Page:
The fourth? Fifth? Whatever! movie based on the series of books continues the darkening in tone, which has become increasingly apparent as the saga progresses. Harry, Dumbledore and their allies find themselves increasingly ostracized for their claim that Voldemort has returned. A new Defense Against the Dark Arts teacher (Staunton – yes…another one!) is at Hogwarts, though she is as much intent on preventing education as promoting it, and it’s up to Harry to fill in the gaps in his schoolmates’ education. However, matters are complicated by an increasingly-close psychic link between our hero and Voldemort, who is massing forces to his side, and is after an artifact that might give him a crucial edge in the looming war. The titular group, along with Harry, must stop him. Yes, plenty going on there, and if you haven’t seen the previous entries, you might be at something of a loss.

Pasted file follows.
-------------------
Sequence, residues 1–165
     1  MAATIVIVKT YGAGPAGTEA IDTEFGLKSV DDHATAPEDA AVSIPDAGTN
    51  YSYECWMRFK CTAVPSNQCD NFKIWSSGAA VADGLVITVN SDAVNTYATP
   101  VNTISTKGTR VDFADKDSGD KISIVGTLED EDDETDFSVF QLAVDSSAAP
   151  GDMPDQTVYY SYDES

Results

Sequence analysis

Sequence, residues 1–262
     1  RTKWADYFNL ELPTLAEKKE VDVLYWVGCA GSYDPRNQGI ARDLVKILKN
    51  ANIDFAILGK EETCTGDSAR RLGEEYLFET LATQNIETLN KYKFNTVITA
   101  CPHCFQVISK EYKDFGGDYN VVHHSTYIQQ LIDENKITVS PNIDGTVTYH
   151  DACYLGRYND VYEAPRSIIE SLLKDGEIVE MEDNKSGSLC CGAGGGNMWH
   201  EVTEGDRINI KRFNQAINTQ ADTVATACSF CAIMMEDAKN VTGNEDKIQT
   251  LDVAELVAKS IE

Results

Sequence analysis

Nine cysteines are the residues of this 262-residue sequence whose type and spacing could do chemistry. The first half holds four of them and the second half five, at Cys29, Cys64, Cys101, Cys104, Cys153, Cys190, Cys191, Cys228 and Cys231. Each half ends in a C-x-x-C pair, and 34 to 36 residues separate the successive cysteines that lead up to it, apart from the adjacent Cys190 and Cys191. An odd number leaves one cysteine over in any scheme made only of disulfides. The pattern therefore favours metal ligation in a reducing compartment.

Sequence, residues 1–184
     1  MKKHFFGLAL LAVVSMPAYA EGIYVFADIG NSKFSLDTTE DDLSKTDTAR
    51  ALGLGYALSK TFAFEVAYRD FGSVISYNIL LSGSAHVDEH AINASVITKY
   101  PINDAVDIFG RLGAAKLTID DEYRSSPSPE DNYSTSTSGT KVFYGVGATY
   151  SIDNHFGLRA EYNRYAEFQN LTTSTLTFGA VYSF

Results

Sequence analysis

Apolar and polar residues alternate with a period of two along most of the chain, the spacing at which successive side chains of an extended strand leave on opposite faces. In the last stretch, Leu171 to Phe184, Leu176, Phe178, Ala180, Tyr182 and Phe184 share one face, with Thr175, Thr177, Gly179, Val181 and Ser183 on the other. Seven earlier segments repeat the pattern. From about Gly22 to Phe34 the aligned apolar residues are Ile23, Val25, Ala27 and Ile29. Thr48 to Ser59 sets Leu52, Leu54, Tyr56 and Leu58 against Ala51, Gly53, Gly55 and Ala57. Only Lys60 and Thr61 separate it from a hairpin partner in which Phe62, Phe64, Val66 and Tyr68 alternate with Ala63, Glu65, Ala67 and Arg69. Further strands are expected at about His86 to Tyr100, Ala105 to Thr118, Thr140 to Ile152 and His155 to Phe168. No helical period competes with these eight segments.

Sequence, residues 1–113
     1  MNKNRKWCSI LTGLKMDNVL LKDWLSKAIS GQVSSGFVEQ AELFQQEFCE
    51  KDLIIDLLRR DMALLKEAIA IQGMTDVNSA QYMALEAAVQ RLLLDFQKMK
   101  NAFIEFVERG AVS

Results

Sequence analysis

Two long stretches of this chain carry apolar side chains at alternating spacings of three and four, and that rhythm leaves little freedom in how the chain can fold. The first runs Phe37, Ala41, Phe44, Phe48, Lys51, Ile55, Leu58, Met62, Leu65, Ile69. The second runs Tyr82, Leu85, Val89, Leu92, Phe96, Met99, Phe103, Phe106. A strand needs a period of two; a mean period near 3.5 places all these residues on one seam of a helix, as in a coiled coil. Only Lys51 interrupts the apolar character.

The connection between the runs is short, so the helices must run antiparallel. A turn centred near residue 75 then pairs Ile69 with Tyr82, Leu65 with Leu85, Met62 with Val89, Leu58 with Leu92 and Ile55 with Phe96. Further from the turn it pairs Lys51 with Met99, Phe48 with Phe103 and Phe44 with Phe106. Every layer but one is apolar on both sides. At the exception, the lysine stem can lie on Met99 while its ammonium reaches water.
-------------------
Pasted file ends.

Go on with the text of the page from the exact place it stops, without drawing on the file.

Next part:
You may also miss out on the development of the characters, with Harry gradually turning from an adolescent towards an adult, prepared to take action rather than be simply reactive. Basically: he’s growing up, and the loss of innocence is a major theme, in ways both good – Harry’s first kiss – and bad, as he has to deal with death, in a more personal way than previously. There’s also an odd subtext, almost political yet interesting, with echoes of Stalinist Russia in the ruthless suppression of dissent. The main appeal, however, remains a parade of just about every Great British Thespian, from Gary Oldman to Helena Bonham-Carter, though Alan Rickman steals ever scene he’s in, with such a lack of effort that it’s awe-inspiring. Yates, mostly a director of British TV, adapts nicely to the spectacle, even though some of the CGI work is surprisingly ropey [the giant?]. The climax is among the best of the series though, with a sense of danger, that’s a good appetizer for the battles certainly to come.
Harry Potter and the Half-blood Prince (2009)
Dir: David Yates
Star: Daniel Radcliffe, Michael Gambon, Jim Broadbent, Emma Watson